Florencio de los Ángeles Molina Campos was born in Buenos Aires on August 21st, 1891. He was son of Florencio Molina Salas and doña Josefina del Corazón de Jesus Campos y Campos. They were members of a traditional family which origin dates back to times of colonialism in Argentina. Some of his most important and heroic ancestors were Luis María, Gaspar and Manuel Campos, among others.

Florencio Molina Campos spent his life in Buenos Aires and in his parents’ lands in Tuyu and General Madariaga, Buenos Aires province, and in Chajarí, in Entre Ríos province.

On July 31st, 1920, he married María Hortensia Palacios Avellaneda. The wedding was held at Iglesia del Salvador (Saviour’s Church). She was daughter of Rodolfo Palacios and doña María Avellaneda, members of noble traditional families in Argentina. The married couple began its marital life in its flat located at 339, Paraguay Street.

On June 11th, 1921, his only daughter Hortensia — nicknamed “Pelusa” — was born. Later, the marriage broke up, and Pelusa was raised by her mother María Hortensia. After a long engagement, Pelusa married Antonio “Buby” Giménez, who was only son of a traditional family that made glorious expeditions to the desert. Eleven years later, the only son of the couple, Gonzalo Giménez Molina, was born.


In 1926, Florencio Molina Campos – with help from their friends and taking advantage of the facts that his parents were constitutors and he had been employee before and was member in those times – displayed his first exhibition in the shed of Sociedad Rural Argentina. President Marcelo T. De Alvear, who became a fervent admirer of his work, attended his exhibition and awarded him an official chair at Nicolás Avellaneda School.

During an exhibition in Mar del Plata in 1927, Florencio met a young lady from Mendoza called María Elvira Ponce Aguirre, who he did not meet again for a long period. Some years later they became concubines and lived together until Florencio’s death in 1959. In Argentina, divorce was not legal and therefore marriage of separated people was not allowed. The couple married successively in Uruguay in 1932, in United States in 1937 and finally in civil ceremony in Buenos Aires on March 9th, 1956 when they were allowed to marry by Ley Perón (Perón Law).

In 1931, the painter travelled to Europe for the first time and displayed his work in Paris. Afterwards, he was guest — many times and by different governments — as cultural representative of Argentina. He was teacher of new generations at Colegio Nicolas Avellaneda as well as Bellas Artes (National School of Fine Arts).


In those times, he signed a contract to illustrate the calendars of Alpargatas company, which were edited from 1931 to 1936, from 1940 to 1945, 1961 and 1962. They were his most popular work, and Ruy de Solana said: “Calendars were a simple synonym of what is cheap and despicable. But since this artist started to spread out his work by these humble and annual means, calendars turned into the art gallery of poor.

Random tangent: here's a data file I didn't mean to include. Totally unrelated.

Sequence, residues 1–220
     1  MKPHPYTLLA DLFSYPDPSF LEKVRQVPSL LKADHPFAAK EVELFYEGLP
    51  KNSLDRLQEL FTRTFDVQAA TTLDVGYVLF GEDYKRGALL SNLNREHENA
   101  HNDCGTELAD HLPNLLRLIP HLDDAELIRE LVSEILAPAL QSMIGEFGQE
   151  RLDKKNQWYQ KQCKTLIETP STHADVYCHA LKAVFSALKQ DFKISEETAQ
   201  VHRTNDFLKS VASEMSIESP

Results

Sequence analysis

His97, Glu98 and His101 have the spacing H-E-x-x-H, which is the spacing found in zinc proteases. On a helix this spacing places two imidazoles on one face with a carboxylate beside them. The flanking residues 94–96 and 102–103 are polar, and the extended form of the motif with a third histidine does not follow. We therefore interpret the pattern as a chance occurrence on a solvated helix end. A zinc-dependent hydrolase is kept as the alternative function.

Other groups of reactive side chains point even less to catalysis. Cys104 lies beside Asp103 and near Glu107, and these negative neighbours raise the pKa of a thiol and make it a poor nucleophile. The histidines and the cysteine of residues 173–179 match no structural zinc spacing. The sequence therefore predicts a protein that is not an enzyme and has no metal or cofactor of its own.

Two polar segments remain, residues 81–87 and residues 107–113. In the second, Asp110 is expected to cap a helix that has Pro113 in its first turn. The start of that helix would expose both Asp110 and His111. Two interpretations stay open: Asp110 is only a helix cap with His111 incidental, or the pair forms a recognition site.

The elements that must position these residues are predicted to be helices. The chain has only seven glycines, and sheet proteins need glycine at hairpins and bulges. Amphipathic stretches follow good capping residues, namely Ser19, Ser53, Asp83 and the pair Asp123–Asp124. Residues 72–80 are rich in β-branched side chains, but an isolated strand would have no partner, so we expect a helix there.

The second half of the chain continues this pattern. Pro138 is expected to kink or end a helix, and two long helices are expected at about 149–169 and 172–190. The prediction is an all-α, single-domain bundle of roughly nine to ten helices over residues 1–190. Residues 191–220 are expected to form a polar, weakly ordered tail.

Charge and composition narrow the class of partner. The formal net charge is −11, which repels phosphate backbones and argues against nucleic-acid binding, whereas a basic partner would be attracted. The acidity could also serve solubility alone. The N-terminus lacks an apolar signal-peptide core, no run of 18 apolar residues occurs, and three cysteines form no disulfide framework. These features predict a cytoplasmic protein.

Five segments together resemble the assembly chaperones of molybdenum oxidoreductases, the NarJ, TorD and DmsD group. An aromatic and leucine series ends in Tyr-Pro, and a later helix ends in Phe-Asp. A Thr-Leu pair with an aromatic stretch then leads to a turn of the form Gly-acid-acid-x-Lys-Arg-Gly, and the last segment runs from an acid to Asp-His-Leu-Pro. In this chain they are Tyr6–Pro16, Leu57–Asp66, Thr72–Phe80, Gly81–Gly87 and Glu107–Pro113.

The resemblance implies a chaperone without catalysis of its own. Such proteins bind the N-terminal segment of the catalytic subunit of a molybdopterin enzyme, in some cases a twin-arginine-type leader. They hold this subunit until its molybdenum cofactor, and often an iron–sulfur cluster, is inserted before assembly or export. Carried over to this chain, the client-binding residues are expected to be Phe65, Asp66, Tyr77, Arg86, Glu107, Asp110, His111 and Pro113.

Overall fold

In 1942, Molina Campos strengthened his friendship with Walt Disney and was hired to give advice to a team of cartoonist in three films that were going to be produced by Disney. The films were set in Argentina and were based on the artist’s work and on the landscapes they had seen on their trip to our country.

Molina Campos joined the staff when the first of three planned films was quite advanced. The Argentinean painter did not agree to the extravagant attitude the company wanted to give to the characters. He attempted to give a more accurate representation of the Argentinean gaucho, but as he could not achieved it, he quit. After Molina Campos’ departure, Disney decided to merge the three planned films. The resultant film is known as “Saludos amigos”.

As mute witnesses of his stay in Disney studio, some photographs at Museo Florencio Molina Campos (Florencio Molina Campos Museum) show Walt Disney and his cartoonists in rancho Los Estribos during a trip made to hire the painter.

In 1944, the painter signed a 10-year contract with the firm Mineapolis-Moline. From 1944 to 1958, he drew a series of calendars similar to the Alpargatas’ ones, but they included – due to his suggestion – farming machines belonging to that company. They also made posters, stamps and playing cards. Some pictures were reproduced in newspapers and magazines. In 1951, 12 sheets of that year’s originals were edited.

On November 16th, 1959, a terminal disease overcame him. He died in Buenos Aires after an unsuccessful surgery. His rests lay in the family’s vault in Recoleta until 1970. Due to Elvirita’s request, his rests were taken to Moreno Cementery, where they currently lie.


Florencio was the typical friendly, likeable and bold Argentinean. He was a good dancer and had a great charisma that assuaged the meetings he attended. He had such a strong personality that in some occasions he seemed an ill-tempered man. He loved classical music, which he listened at nights while he was painting.

He did not have a business vision of his work. He painted because he loved painting. During war times, canson paper ceased to be imported, so he decided to paint on ravioli boxes that had similar characteristics. He never projected his work for the future. He used to sell his pictures at a low price and as a consequence, he lived austerely. He painted lots of pictures and tried different techniques.

These and other details about Molina Campos’ life are product of the laboured, respectful and methodical biography written by Professor Juan Carlos Ocampo. It was originally edited in 1980. Furthermore, it was recently updated and re-edited because of the request of admirers from Argentina and foreigner countries.